An especially famous version of the argument from reason was popularized by Alvin Plantinga: the evolutionary argument against naturalism (EAAN). Plantinga notes that evolution is driven by survival of the “fittest,” yet beliefs more “fit” for survival are not necessarily the same as those that are “true.” Therefore, if evolution is true, belief in naturalism is unjustified. In other words, at the very least, belief in naturalism logically contradicts itself, thanks to evolution.
To visualize the evolutionary argument against naturalism, consider an extreme example: a man develops the overwhelming desire to be eaten by an invisible bear. This drives him to seek out locations where he sees no bears. That belief is contrary to survival—not to mention bizarre—but more importantly, it’s factually wrong. His reasoning did not lead to truth, since there are no invisible bears. And yet, that bizarre, false reasoning makes the man more “fit” for survival since it encourages him to stay away from the bears he can see; that is, ones that exist.
This demonstrates how “that which is good for survival” is not identical to “that which is true.” It is entirely possible for human reasoning to be farcically wrong and still provide “advantageous” results from a survival or evolutionary perspective. If human reason is entirely the result of purposeless, survival-driven evolution, then “useful” reasoning and “truthful” reasoning are distinct categories. That implies all products of human reason are untrustworthy, including belief in naturalism and evolution.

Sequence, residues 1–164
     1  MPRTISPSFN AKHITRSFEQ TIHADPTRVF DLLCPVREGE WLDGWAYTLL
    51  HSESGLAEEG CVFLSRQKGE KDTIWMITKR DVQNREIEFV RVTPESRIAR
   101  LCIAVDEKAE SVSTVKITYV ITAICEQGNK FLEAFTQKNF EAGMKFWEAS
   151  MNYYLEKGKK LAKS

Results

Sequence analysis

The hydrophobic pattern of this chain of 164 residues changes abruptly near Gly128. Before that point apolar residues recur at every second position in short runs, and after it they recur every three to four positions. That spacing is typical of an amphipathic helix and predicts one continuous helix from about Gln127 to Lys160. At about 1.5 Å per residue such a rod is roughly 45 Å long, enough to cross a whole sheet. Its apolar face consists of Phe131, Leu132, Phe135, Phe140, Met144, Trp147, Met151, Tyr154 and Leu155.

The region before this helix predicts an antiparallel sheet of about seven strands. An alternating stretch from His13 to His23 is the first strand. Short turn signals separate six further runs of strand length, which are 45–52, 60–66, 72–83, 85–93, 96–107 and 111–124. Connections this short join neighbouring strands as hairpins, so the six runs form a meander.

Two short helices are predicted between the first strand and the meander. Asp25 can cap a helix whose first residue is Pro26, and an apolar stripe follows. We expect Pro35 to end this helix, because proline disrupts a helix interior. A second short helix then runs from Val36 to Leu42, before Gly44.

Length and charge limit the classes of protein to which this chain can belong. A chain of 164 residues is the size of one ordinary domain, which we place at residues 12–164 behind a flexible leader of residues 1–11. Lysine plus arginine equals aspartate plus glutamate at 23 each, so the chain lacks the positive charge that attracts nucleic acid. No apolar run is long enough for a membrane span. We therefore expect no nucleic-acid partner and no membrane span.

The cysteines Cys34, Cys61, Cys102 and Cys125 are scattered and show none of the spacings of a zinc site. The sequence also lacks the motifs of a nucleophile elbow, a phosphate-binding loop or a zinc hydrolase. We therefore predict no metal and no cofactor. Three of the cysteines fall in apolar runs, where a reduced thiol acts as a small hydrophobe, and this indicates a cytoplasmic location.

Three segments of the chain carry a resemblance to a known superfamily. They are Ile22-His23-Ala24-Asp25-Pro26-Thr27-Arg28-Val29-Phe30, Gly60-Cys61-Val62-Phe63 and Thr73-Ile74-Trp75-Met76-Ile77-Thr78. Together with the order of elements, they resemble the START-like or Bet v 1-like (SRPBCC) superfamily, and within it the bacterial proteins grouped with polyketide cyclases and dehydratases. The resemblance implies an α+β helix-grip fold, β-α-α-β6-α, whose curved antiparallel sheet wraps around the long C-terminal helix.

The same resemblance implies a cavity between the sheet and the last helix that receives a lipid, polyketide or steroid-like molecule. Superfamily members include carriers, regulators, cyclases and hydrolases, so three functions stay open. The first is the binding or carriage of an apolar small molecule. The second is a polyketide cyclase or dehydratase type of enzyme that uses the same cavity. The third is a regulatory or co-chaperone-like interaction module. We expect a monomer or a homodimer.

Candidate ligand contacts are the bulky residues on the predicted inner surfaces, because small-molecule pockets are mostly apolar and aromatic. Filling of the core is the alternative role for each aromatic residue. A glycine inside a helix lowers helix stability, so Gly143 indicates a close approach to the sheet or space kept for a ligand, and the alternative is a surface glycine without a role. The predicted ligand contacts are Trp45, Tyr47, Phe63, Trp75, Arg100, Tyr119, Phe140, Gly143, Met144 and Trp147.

This comes back to the core assertion of the argument from reason: one can believe in naturalism or trust in reason, but one cannot do both. The conflict might seem petty when applied to practical matters, but the more esoteric the idea is—as would be the case with concepts like naturalism—the less confident one could be in the truth-correspondence of human reason.
The most common attempt to refute arguments from reason uses the concept of emergence. This is the claim that certain concepts develop out of—they “emerge from”—the combined interaction of less complex things. Of course, in a naturalistic worldview, emergent is synonymous with very complicated. Either the entire process ultimately rests on simple physics, or it doesn’t. If the process doesn’t boil down to matter and energy, then it’s not naturalistic. Another frequent error is to claim that debunking a single version of the argument from reason somehow proves naturalism. This is, ironically, irrational, since demonstrating that a conclusion was arrived at illogically does not, itself, mean the conclusion is false.
As with most such ideas, the argument from reason has limitations. Its purpose is to suggest an irreconcilable contradiction between the statements “I believe naturalism is true” and “I trust in human reason.” In and of itself, these arguments say nothing about the existence of any particular deity. Nor do they suggest much about the nature of God or the Bible. That said, the argument from reason is a useful tool that demonstrates how those who reject God—as do naturalists—are ultimately dealing in illogic and stubbornness (Romans 1:18–25; Jude 1:10).